Sometimes, when you're out filming sunlight is the best light. You have a steady source of light and can find yourself with the perfect shooting conditions. You can even finally get that one scene you've been waiting to get. But when you're out in the sun all day there are a few things you should definitely remember, especially if you live somewhere the sun is absolutely relentless.
1. Time constraints
The sun is a fantastic source of light, especially when you hit the Golden Hour and everything seems to be lit perfectly. Don't forget that that lighting won't last you all day. The time you have to actually get your scene done will be limited and you need to make sure you plan accordingly. Your cast and crew should all be aware of this as well. Lighting and color can be corrected in post, but the less of that you have to do, the better.
2. Sunscreen and Shade
THIS! This is very important! I learned this one from experience on my own shoot a few weeks ago and let me tell you, it's better to learn from someone else than to go through it yourself.
Sunscreen is your friend. Your best friend when you're out in the sun for hours on end. It protects your skin from harmful UV rays and from the pain that comes with a sunburn afterward as well as the continuity of the rest of your project.
I was acting in and directing this last project I was working on. My crew and I spent three hours out on the football field and two of us, a crew member and I, were both badly sunburned. We spent the next two days out of commission due to sun poisoning and heat exhaustion. Chills, fever, fatigue and a lot of sunburn pain plagued us for the next few days and I hate to say that my crew member had it even worse than I did.
Not only is this absolutely terrible for your health it's also bad for the rest of your shoot. My crew member didn't make it to the next session (which was indoors, by the way) and my sunburn was quite visible on camera, despite the attempts to hide it. Luckily for me, the outdoor day was the first one so I was sunburned for the whole time we were filming, rather than just some of the days. A sunburn that can't be hidden can very easily ruin the continuity of your project.
Even just something as simple as an umbrella or a tree can keep your cast and crew safe and protected.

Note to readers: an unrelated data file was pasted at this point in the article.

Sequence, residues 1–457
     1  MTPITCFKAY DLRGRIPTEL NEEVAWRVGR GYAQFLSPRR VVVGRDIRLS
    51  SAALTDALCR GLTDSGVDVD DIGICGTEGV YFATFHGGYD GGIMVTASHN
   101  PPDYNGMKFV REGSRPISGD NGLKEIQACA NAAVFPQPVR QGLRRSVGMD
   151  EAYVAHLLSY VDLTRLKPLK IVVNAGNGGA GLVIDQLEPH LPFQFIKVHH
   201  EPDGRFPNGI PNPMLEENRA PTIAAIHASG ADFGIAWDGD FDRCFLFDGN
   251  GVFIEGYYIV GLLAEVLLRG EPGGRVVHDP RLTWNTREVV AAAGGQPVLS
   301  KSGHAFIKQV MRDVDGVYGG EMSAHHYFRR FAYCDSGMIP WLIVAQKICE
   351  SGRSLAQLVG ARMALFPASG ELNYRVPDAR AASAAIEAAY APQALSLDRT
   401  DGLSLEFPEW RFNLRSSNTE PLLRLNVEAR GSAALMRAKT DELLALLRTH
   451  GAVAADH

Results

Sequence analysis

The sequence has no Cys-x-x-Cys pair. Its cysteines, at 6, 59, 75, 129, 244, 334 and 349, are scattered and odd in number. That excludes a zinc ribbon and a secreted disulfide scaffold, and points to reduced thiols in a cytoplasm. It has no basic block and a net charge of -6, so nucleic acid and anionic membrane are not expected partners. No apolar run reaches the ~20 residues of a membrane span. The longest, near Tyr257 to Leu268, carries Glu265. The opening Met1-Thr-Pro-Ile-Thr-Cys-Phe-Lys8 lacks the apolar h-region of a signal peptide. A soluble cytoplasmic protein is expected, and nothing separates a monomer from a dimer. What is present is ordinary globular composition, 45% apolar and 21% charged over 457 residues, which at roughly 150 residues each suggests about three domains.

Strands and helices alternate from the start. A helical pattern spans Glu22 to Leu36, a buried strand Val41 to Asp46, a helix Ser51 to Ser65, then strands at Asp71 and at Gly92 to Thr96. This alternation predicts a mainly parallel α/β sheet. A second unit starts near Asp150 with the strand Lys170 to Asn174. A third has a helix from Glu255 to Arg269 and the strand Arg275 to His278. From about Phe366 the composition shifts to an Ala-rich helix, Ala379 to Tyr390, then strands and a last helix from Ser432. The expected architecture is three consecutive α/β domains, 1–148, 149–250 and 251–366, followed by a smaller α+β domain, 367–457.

This was the second day of shooting, few days after the first. Notice the difference in skin color right by the collar as well as the redness on the ears, white contrasting highly with red.
3. Be prepared for Makeup
In the case that you end up like me in the photos above you need to be ready to cover up the sunburn and that means makeup. Your actors are all going to have different skin tones and if any of them do get burned not one kind of concealer or foundation will work for them.
Being ready to make this adjustment will save you a lot of time and worry while you're shooting and while you're working in post if you can color correct. Just remember to be gentle with your sunburned actors and avoid exposing them to too much more sunlight.
4. Rest Time
It's common knowledge that working out in the sun is extremely tiring. Even standing in the sun has a way of draining energy. Remember this as you and your team works.
Sunlight has a way of working itself all the way into your bones and without a break once in a while everyone will tire out rather quickly. Make sure you plan to include a bit of rest time for everyone in your shoot. Snack are always a good idea and you can never go wrong with air conditioning. Just make sure to take care of your crew.
This is the most important thing for when you're shooting outside in the sunlight. Dehydration is a beast nobody wants to face. It is absolutely crucial to make sure there is enough water for your cast and crew. Dehydration has its own myriad of health issues and it's best to avoid it altogether. A hydrated crew is a happy one.
Keeping everyone healthy and hydrated is paramount. Taking care of your crew should be your first priority. Learn from my mistakes and keep everyone in good health, for your sake and for theirs.